By Stephen Young
By Stephen Young
By Stephen Young
By Jim Schutze
By Rachel Watts
By Lauren Drewes Daniels
The second oddity of Hoover vs. Cain was the reporter sitting in the courtroom--an event so rare in Dallas County's probate courts that everyone from the bailiff to the defense attorney stopped to ask what was newsworthy about this case.
The answer was nothing; it was the plaintiff's lawyers who were the attraction. The earnest young men representing McReynolds and Hoover were also representing another angry woman: Paula Corbin Jones.
Holmes and his partner, 30-year-old McCord Wilson, took the presence of the press in stride. Clad in neo-Reagan era attire--navy blue Brooks Brothers suit, white button-down shirt, striped tie--the clean-cut, prematurely balding young Holmes faced the panel. "Is there anyone here who thinks that children should never sue their parents?" he asked. Beside him, helping to scan the faces of the 24-person jury pool, was Wilson, who in glasses resembles Clark Kent. Contrary to what one might expect from news accounts from Jones' sexual harassment case against President Clinton, they didn't seem like right-wing nut jobs: They didn't rant, didn't rave, and didn't foam at the mouth. Instead, they were quiet, rational, straightforward and, above all, extremely polite.
They did take the moral high road, eschewing theatrics and melodrama in favor of a vaguely Joe Friday, just-the-facts-ma'am style. They didn't mention that Mel McReynolds had divorced Mom and married his bookkeeper, didn't dwell on the fact that Dad hadn't called his daughters in 14 years. Instead, they toed the line of propriety: How many jurors believed in tort reform? How many had served on juries before, and how did they vote? Had anyone heard of Holmes' firm, Rader, Campbell, Fisher & Pyke, which had been in the paper a lot lately, thanks to the fact that they represented Jones? No one would hold that against Holmes' clients, would they?
The thought that these nice young men might be tormenting President Clinton provoked a collective shrug.
By contrast, Mike Handy, Mel McReynolds' lawyer, was all touchy-feely empathy and solicitousness, wanting to know how the jury felt, what they thought, what kind of bumper stickers they had on their cars. Handy's courtroom demeanor was rather at odds with his scorched-earth behind-the-scenes defense; in depositions, the lawyer had bludgeoned McReynolds' daughters about drug use, their sex lives, even about a long-ago abortion. But the judge had ruled this material out of bounds, and so Handy was left to face the jury with naught but baleful expression, as if meditating on how sharper than a serpent's tooth it is to have thankless children. This pained countenance vanished whenever the jury left the courtroom.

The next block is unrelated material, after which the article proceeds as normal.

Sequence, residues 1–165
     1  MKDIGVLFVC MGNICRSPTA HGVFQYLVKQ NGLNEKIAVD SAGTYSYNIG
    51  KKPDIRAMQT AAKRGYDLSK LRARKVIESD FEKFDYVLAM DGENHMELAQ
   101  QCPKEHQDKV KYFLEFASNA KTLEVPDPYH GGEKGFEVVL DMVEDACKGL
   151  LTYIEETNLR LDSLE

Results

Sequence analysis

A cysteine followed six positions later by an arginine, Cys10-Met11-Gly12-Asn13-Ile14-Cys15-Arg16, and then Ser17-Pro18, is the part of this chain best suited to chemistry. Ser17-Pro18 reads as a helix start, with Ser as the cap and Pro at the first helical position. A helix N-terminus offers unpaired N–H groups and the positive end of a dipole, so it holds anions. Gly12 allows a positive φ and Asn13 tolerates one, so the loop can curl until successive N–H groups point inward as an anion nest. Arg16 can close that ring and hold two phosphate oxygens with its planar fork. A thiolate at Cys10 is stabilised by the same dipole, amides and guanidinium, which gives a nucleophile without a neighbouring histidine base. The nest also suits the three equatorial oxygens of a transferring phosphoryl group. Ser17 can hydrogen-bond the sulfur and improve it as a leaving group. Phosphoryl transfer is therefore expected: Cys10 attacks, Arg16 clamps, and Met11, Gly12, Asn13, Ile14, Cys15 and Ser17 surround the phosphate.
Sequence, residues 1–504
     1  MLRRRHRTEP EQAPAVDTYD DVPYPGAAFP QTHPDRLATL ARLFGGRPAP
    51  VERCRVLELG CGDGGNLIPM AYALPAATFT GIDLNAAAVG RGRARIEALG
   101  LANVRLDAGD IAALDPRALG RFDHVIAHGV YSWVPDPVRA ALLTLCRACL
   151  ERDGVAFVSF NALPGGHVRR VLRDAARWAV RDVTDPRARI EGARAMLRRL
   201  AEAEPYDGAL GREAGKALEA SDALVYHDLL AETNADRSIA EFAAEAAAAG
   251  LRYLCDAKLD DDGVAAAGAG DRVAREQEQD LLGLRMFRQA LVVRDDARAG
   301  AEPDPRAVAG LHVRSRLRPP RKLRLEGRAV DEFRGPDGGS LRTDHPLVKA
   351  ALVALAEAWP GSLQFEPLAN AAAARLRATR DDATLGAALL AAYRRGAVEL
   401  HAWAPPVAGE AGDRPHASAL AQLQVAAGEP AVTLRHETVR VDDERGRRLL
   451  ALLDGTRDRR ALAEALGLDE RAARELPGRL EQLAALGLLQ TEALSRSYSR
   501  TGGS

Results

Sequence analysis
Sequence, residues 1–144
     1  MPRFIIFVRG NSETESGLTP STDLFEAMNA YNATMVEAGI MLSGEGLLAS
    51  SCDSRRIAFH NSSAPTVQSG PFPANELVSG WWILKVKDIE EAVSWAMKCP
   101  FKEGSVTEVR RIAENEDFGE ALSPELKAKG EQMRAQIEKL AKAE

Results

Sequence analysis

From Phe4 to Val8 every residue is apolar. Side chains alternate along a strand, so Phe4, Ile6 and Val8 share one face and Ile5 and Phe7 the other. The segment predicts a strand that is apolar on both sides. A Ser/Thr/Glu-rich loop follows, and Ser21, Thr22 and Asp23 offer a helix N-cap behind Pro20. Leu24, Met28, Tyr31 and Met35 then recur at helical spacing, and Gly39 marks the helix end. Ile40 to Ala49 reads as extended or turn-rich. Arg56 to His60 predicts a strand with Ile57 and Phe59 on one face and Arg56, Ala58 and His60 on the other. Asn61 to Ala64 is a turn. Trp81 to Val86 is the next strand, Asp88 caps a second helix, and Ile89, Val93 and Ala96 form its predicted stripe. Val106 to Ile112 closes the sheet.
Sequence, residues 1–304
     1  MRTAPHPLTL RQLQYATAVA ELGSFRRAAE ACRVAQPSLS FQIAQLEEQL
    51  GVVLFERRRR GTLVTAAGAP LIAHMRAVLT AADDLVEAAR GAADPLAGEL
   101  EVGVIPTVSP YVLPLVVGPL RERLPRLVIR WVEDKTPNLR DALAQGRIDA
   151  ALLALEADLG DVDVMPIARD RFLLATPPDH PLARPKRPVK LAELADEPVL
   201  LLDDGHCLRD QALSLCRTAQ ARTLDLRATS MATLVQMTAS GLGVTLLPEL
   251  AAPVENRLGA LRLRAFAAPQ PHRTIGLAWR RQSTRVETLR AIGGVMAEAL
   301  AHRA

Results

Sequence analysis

Sincerity went to Holmes and Wilson.
Ditto for skill. Though a full decade younger than their opponent, the plaintiffs' lawyers had the edge in handling evidence and witnesses. Even more important, they showed superior judgment. When Mel McReynolds broke down on the stand, giving a long, rambling, self-serving account of how he had tried to be a good father, they didn't cut him off. For the most part, they didn't needlessly object. They didn't get rattled, didn't let their tempers show.
They made their mistakes too. "My take was that Wes and [McCord] calculated damages wrong," says Tom Bravenec, the daughters' stepfather. "And they have a lot to learn yet, in handling juries from an emotional point of view. But I think both of them are extremely talented young lawyers. And what they're lacking in worldly experience with juries, they make up for in ethics and morals and plain smarts."